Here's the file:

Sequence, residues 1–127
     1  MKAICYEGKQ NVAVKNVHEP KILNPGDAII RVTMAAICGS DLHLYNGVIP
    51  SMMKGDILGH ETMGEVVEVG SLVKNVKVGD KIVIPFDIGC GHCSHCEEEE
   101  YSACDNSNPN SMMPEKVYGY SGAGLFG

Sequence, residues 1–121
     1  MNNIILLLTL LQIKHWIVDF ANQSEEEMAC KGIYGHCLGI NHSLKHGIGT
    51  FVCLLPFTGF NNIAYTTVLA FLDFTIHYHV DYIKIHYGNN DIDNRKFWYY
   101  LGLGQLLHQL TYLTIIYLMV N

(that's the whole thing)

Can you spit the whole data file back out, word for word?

Sequence, residues 1–127
     1  MKAICYEGKQ NVAVKNVHEP KILNPGDAII RVTMAAICGS DLHLYNGVIP
    51  SMMKGDILGH ETMGEVVEVG SLVKNVKVGD KIVIPFDIGC GHCSHCEEEE
   101  YSACDNSNPN SMMPEKVYGY SGAGLFG

Sequence, residues 1–121
     1  MNNIILLLTL LQIKHWIVDF ANQSEEEMAC KGIYGHCLGI NHSLKHGIGT
    51  FVCLLPFTGF NNIAYTTVLA FLDFTIHYHV DYIKIHYGNN DIDNRKFWYY
   101  LGLGQLLHQL TYLTIIYLMV N